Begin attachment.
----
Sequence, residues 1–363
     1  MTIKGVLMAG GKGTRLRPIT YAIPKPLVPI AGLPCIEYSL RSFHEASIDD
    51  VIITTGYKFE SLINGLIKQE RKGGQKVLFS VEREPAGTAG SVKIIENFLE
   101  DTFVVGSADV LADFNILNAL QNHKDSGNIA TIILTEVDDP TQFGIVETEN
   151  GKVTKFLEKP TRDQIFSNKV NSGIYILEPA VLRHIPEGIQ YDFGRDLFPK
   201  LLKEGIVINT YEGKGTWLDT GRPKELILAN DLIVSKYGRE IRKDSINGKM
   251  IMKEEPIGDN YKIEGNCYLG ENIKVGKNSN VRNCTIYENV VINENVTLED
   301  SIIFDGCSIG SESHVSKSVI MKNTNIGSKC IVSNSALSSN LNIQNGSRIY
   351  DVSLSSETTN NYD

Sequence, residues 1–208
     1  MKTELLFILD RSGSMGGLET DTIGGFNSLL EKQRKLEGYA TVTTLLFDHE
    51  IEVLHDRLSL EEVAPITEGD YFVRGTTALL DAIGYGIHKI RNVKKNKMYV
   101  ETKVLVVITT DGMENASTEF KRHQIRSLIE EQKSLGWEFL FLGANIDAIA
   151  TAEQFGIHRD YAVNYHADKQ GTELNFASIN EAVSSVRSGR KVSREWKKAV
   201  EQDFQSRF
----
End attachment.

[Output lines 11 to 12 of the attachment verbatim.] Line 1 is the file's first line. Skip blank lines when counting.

     1  MKTELLFILD RSGSMGGLET DTIGGFNSLL EKQRKLEGYA TVTTLLFDHE
    51  IEVLHDRLSL EEVAPITEGD YFVRGTTALL DAIGYGIHKI RNVKKNKMYV